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Towards in vivo dosimetry for contrast enhanced synchrotron stereotactic radiation therapy based on iodine x-ray spectroscopy / Richard, Hugtenburg
Biomedical Physics & Engineering Express, Volume: 4, Issue: 4, Start page: 045015
Swansea University Author: Richard, Hugtenburg
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The first trial applications of Contrast-Enhanced Synchrotron Stereotactic Radiation Therapy (SSRT) is underway since June 2012 at the European Synchrotron Radiation Facility (ESRF) in Grenoble (France). The phase I-II clinical trial is designed to test the feasibility and safety of SSRT through a d...
|Published in:||Biomedical Physics & Engineering Express|
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The first trial applications of Contrast-Enhanced Synchrotron Stereotactic Radiation Therapy (SSRT) is underway since June 2012 at the European Synchrotron Radiation Facility (ESRF) in Grenoble (France). The phase I-II clinical trial is designed to test the feasibility and safety of SSRT through a dose escalation protocol. Contrast enhanced radiotherapy achieves localized dose enhancement due to higher photoelectric effect rate in the target. This increase is obtained through the preferential uptake of high-Z media (iodine) in the tumoral area combined with irradiations with medium energy synchrotron x-rays. In vivo dosimetry (i.e. experimental dosimetry in real time during the treatment) would be a serious added value to the project, in terms of online dose monitoring and quality control. It is challenging to perform in vivo dosimetry with the currently available conventional clinical techniques. In this work we investigated a method using x-ray fluorescence detection to derive the iodine concentration contained in a tumor during the treatment of a patient, as a first step towards in vivo dosimetry. A mean iodine concentration of 0.33 ± 0.22 mg/ml has been retrieved in the tumor of the patient compared to 2 mg/ml expected would correspond to 3% local dose enhancement in the tumor. Further work will be performed to improve the attenuation correction method. The expected amount of iodine should be 2 mg/ml in the tumor (20% dose enhancement). This method is suitable to detect iodine in the target but has some problem in quantifying the real amount of iodine present during the irradiation.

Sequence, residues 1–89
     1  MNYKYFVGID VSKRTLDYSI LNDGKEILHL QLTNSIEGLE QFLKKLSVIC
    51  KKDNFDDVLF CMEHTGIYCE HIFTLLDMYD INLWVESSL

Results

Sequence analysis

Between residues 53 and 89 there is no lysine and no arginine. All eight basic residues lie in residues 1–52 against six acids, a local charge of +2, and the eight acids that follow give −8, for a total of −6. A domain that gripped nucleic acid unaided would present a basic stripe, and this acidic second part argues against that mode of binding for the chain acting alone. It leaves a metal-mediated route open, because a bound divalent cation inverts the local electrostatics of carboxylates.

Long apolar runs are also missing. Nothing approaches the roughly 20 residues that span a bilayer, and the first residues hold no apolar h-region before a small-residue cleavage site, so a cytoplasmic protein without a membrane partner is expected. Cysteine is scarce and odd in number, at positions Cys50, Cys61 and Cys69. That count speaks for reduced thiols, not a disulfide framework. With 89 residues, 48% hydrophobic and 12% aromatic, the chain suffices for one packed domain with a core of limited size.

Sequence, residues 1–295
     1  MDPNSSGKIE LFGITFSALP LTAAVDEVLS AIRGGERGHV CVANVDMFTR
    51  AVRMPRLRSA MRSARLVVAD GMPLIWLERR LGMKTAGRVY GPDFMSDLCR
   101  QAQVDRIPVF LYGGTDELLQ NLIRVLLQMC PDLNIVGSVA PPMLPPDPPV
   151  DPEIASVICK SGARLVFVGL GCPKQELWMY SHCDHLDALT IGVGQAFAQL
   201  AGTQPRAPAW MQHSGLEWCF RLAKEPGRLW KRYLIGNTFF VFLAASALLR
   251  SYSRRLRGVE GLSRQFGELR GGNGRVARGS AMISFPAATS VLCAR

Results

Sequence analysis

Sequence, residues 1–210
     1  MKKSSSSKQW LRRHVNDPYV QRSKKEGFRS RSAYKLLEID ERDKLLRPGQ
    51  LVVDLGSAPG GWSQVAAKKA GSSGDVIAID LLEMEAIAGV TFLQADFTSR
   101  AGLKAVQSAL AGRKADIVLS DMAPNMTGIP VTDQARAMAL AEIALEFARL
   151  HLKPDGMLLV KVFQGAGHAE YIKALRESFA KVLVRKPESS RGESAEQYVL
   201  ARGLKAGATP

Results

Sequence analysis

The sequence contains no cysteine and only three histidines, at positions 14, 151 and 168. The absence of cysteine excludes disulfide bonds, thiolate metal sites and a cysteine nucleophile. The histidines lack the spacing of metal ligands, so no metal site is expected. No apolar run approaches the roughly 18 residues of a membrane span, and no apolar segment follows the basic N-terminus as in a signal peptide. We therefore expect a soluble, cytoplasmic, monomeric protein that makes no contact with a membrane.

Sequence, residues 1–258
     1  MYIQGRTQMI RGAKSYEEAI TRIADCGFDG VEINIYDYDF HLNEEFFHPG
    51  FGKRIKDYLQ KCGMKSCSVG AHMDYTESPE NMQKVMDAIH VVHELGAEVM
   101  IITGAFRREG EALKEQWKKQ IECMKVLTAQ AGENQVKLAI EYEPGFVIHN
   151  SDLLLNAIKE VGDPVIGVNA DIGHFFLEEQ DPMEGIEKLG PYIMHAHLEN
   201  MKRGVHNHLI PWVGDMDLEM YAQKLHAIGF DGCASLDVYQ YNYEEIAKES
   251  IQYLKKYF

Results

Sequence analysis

Swansea University Medical School